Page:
By Mark Edward Nero
The Maritime Administration on July 1 announced the availability of a report evaluating the design and construction of new battery components, as well as the risks and benefits of battery use in the power plant of a hybrid tugboat.
The assessment, which was conducted after a battery-related fire aboard a hybrid tug, looks at the benefits and risks associated with the reinstallation of batteries as part of the vessel’s hybrid power system.
In August 2012, an explosion and fire occurred in one of the lithium-polymer batteries on the Foss Maritime hybrid tug Campbell Foss, and subsequent to that fire, Foss removed the remaining batteries from the vessel and all of the lead-acid batteries on its other hybrid tug, Carolyn Dorothy. Campbell Foss was returned to service in diesel configuration without batteries, and Carolyn Dorothy was returned to service in a modified hybrid configuration that didn’t require the use of batteries.
The newly-released assessment showed that a refined design with explosion protection, structural separation from occupied spaces, specialized battery controls, and shutdown protocols improved the risk profile for the hybrid power system.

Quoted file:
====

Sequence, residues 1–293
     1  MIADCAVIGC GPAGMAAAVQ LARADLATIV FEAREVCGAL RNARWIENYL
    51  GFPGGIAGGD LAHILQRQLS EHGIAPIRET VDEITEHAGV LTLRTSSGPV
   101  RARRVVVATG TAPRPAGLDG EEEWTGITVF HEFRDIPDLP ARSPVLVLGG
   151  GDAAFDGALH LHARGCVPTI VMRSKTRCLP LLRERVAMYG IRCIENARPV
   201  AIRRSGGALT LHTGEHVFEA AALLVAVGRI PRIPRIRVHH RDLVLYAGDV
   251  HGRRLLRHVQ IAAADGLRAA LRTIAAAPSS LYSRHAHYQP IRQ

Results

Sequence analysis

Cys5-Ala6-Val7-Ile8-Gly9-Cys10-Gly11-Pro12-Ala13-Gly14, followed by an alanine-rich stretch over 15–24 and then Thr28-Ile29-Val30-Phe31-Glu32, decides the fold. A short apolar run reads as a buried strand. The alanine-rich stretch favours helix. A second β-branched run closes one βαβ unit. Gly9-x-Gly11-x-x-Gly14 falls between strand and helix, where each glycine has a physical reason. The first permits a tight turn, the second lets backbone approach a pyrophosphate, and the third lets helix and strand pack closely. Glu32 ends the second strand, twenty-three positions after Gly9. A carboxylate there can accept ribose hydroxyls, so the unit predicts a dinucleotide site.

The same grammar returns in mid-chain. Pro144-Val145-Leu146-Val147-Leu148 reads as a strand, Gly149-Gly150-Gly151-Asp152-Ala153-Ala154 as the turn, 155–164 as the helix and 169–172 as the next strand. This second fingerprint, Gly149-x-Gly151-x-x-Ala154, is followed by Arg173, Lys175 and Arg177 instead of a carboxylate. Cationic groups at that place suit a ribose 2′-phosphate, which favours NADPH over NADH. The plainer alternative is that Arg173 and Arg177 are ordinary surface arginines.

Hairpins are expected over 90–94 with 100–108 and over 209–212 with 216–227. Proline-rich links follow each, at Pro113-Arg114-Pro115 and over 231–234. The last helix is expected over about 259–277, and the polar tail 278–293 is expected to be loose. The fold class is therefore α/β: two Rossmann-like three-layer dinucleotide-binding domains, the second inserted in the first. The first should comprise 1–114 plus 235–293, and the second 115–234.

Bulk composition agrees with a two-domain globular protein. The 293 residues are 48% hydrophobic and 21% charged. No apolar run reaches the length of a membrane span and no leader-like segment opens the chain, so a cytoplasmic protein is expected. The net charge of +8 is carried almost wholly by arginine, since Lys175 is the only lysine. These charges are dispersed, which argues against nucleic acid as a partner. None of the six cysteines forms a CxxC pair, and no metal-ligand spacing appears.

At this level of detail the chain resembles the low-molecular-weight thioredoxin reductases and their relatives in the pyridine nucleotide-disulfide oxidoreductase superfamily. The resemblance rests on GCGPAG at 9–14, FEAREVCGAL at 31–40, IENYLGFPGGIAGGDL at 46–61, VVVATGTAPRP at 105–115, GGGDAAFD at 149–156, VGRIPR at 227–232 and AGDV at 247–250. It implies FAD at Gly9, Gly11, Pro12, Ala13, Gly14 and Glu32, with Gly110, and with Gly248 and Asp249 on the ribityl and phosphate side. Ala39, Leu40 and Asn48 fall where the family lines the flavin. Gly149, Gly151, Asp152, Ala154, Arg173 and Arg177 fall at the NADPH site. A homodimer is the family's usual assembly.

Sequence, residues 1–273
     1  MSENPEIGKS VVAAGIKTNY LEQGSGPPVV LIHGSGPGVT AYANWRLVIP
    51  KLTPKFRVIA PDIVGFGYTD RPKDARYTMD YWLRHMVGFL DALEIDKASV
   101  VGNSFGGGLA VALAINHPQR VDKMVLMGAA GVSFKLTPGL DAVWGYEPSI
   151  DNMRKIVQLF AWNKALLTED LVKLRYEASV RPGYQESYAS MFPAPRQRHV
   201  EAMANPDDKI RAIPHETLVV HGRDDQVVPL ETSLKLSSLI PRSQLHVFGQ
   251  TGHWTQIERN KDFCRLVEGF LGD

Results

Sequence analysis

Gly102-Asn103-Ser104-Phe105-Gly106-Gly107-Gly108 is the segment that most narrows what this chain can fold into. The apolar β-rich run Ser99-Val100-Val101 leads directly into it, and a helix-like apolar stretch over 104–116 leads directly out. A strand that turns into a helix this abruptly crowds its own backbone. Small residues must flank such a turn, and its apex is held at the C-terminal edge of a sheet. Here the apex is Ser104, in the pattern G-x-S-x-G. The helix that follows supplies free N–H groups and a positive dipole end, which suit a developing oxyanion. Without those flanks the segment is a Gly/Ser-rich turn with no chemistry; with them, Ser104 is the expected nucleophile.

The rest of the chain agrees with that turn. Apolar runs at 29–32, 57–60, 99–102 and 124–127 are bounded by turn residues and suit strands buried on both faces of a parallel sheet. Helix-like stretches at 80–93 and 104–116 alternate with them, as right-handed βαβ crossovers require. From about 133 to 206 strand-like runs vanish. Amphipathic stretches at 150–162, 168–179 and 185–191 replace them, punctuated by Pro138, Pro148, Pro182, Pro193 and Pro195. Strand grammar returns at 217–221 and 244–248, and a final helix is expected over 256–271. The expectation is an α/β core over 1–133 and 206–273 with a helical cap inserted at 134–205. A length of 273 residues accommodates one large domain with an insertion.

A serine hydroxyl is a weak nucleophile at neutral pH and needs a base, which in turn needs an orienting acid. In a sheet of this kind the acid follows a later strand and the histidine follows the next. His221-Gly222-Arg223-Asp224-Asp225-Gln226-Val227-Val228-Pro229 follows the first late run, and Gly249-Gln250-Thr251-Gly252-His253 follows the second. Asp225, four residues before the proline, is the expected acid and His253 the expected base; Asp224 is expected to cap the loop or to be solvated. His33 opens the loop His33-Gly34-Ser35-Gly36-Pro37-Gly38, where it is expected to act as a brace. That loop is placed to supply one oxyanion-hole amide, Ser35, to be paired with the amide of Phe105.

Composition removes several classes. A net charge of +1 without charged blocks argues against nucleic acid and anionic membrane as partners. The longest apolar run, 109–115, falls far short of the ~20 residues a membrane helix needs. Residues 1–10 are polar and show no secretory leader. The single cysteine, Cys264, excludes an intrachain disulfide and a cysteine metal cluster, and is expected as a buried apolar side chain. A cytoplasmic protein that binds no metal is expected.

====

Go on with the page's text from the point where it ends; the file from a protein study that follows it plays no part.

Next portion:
The report also demonstrated that without the battery array, the hybrid system would not achieve the tug’s full performance requirements nor the emissions and fuel consumption reductions made possible by hybrid technology.
However, anecdotal evidence suggests, according to the report, that the use of batteries in a hybrid tug system poses an impediment to more widespread adoption.
The document was developed through a partnership with Foss Maritime with funding from MARAD’s Maritime Environmental and Technical Assistance (META) Program. The META program’s designed to assist maritime stakeholders in addressing key environmental issues facing the industry.
The full report can be found at http://www.marad.dot.gov/wp-content/uploads/pdf/Hybrid-Battery-Refit-Final-Report-with-pics.pdf.